In The News

Pontiac Exhibit Opens Saturday

This article originally appeared in the Pontiac Daily Leader

By Cynthia Grau

Pontiac, Ill. — Every traveler has a story — whether it’s a difficult journey of a migrant worker or a carefree trip along Route 66 — and these and others are being told in pictures at the new exhibit opening in Pontiac Saturday.

Pontiac, in partnership with the Smithsonian Institution and the Illinois Humanities Council, presents the traveling exhibit, Journey Stories, which will be on display at the Livingston County Courthouse for six weeks.

The Smithsonian exhibit is also joined by a local exhibit, which Ellie Alexander, director of Pontiac Tourism, explained.

“The Smithsonian exhibit is done on a national level. It talks about the travelers coming over to our country, the building of the railroads, the military, the stories of forced migration and difficult journeys and stories of personal travel. I think there are six different stations to the exhibit and each one has a different title,” she explained. “Our exhibit is more on a local, regional front. It’s about Route 66 and our local military travels. We actually spoke with a lot of our locals to compile those stories and then tell those stories through those storyboards. In one of the storyboards, we’ve installed a recording device, about a 12-minute recording, and we spoke with some of the veterans at the War Museum, talking about their travel when they left here to go into the service. That is a really interesting way of being able to tell our local story from the voices of our locals.”

Enhancing the exhibit will be historical presentations each month. The next presentation will be Rob Doyle, Ph.D., who will present a program centered on the history of railroads on Thursday, Feb. 28. Doyle is a former educator at Eastern Illinois University, a board member of the Wabash Valley Railroaders Museum in Terre Haute Ind., and a board member of the Monticello Railroad Museum. Doyle’s presentation will begin at 7:30 p.m. at the City Council Chambers.

John Weiss, a noted Mother Road historian, will explore the history of Route 66. His program will be given March 28.

To be chosen as the temporary home of the Smithsonian exhibit, an application process was completed, and only six locations were chosen.

“We had to submit an application to the Illinois Humanities Council. I don’t know how many people submitted for this exhibit. It’s a traveling exhibit and it was awarded to six communities. We were one of those six. It’s been on display in all five other communities and we are the final destination. When it leaves here, it will go back to the Smithsonian,” stated Alexander.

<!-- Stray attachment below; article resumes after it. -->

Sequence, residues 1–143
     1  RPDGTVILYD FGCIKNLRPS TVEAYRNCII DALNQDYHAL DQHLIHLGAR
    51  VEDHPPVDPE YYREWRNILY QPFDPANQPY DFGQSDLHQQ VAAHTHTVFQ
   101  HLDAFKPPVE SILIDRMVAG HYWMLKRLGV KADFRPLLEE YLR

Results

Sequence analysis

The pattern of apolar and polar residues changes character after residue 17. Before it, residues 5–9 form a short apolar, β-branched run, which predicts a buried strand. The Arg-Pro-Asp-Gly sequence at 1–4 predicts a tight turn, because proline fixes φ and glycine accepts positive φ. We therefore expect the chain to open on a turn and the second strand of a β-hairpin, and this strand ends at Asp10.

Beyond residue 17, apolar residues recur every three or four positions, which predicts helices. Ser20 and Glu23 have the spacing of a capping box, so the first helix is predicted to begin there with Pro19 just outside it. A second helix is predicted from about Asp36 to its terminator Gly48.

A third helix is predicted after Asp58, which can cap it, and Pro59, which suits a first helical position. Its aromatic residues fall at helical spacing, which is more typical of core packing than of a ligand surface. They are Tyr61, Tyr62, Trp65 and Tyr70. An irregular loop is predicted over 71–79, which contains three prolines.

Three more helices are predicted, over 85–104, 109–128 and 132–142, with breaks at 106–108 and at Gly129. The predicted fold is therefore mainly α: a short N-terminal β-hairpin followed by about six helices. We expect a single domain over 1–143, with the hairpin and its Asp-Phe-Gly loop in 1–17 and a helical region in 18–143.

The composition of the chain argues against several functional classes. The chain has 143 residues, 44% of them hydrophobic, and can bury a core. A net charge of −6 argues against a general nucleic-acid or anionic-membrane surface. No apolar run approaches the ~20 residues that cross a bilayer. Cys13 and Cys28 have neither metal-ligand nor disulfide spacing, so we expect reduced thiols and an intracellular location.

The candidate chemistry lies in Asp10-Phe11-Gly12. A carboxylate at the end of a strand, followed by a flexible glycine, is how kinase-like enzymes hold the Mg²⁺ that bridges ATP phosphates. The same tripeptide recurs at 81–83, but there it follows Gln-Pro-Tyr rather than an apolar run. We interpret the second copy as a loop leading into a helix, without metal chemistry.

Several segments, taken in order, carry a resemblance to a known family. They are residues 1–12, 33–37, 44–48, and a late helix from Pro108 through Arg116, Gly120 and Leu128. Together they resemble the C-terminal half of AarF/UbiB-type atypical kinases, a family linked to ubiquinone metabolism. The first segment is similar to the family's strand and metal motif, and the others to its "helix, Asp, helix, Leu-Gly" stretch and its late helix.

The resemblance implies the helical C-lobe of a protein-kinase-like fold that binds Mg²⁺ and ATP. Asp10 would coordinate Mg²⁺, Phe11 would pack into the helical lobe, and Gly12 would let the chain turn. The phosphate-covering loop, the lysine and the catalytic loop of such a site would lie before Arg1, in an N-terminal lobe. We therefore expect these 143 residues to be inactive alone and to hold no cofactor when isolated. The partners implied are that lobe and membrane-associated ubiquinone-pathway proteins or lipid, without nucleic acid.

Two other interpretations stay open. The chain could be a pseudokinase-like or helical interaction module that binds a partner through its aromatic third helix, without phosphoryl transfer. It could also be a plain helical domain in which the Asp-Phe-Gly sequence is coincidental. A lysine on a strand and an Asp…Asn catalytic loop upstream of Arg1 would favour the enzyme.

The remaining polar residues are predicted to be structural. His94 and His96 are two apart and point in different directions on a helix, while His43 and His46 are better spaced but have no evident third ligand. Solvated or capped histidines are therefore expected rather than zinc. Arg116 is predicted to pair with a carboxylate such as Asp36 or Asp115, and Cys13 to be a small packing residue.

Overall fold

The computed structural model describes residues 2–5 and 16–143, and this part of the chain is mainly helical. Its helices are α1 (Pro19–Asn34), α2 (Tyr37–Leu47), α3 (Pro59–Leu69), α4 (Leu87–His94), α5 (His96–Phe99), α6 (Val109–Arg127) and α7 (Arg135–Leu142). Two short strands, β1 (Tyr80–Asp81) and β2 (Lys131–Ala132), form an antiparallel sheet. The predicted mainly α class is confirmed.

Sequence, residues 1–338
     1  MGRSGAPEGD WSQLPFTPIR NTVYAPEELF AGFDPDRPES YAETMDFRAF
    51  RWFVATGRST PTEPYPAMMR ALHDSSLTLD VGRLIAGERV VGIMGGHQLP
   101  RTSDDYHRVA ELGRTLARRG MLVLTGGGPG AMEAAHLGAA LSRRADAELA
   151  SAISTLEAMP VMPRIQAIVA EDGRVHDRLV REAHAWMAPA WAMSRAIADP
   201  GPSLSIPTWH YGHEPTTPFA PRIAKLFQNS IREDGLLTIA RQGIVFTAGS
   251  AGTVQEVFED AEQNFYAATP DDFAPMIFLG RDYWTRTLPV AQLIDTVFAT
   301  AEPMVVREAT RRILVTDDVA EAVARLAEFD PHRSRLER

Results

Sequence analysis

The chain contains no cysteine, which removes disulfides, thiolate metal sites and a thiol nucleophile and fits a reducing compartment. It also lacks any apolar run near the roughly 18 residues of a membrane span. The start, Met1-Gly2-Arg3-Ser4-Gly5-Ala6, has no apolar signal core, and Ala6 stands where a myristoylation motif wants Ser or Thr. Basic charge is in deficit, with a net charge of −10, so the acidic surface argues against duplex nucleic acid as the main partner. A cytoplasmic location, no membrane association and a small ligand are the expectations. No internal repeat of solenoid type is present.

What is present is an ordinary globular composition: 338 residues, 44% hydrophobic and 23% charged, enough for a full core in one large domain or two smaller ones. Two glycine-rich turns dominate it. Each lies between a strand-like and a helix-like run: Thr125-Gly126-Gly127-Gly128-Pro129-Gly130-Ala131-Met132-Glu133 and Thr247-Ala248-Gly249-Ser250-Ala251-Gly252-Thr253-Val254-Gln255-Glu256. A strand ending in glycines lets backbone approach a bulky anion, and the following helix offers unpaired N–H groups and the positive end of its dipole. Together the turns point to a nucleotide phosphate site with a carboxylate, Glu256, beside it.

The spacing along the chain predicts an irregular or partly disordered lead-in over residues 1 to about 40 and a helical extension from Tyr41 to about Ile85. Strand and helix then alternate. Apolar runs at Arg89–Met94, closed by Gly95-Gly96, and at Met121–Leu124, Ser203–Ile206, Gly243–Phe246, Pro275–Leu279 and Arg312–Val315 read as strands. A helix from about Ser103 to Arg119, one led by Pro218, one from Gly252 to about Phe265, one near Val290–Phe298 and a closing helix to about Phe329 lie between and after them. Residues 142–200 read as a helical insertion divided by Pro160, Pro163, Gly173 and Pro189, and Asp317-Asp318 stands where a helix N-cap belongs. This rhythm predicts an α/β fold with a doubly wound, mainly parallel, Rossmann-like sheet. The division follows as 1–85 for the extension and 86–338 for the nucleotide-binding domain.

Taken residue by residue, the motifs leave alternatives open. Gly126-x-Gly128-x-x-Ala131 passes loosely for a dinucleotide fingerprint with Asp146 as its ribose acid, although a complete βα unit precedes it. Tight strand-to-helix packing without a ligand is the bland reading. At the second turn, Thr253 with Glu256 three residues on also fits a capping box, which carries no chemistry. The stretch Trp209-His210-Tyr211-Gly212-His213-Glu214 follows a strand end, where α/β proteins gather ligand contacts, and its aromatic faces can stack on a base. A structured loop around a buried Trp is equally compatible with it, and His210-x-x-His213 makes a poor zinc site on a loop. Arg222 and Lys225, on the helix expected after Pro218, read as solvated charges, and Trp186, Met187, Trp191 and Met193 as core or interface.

She said that the exhibit isn’t only a group of storyboards, but also allows interaction so all ages can enjoy the experience.

“It’s nice that both our local exhibit and the Smithsonian exhibit does have some hands-on, ‘push the button and hear a story,’ open a book, flip the pages, so it does get to the younger readers who don’t have the ability to read all the storyboards. There’s still some interaction that they can be involved in,” Alexander said.

A docent training workshop took place Thursday afternoon, and Alexander said she was delighted with the turnout.

“We had about 28 people show up for training, which was great,” she said. “There is a lot of information there. It is a very well done exhibit.”

According to Kelly Eckhoff, a member of the city council and part of the committee overseeing the Journey Stories exhibit’s time in Pontiac, the city has received financial support from a group of generous sources. The Illinois Humanities Council provided a small grant to help fund the exhibit. Locally leading the way are two very important Pontiac trusts, the Apollos Camp-Bennet Humiston Trust and the Floyd A. and Alta I. Byrne Trust combined to provide the largest contribution in support of the event. Other businesses contributing to the cause include Caterpillar, Inc., Bank of Pontiac, First Financial Bank, Advanced Technology Recycling, Kelly-Sauder-Rupiper Equipment, Stoller International, Pontiac RV, the State Bank of Graymont, Streator Onized Credit Union, OSF St. James-John W. Albrecht Medical Center, Opperman Construction, Lisa Kelley-State Farm Insurance and Kelley Home Inspections.

Livingston County government, the city of Pontiac, McCoy Studios and Diaz Sign Art have made contributions-in-kind to support the Journey Stories project.

Eckhoff noted, “The Smithsonian’s exhibit is amazing! I am so proud that here in Pontiac we have individuals and businesses who appreciate the importance of bringing something this professional to Pontiac. Seeing the exhibit will lead to asking questions about our national and local history. I know the importance of travel to the American experience when I contemplate the text and images found in the displays.”

The exhibit will run from Saturday through April 6, seven days a week, on the second floor of the Historic Livingston County Courthouse. Attendance is free and the exhibit will be open 10 a.m. to 4 p.m. each day, except Easter Sunday, March 31.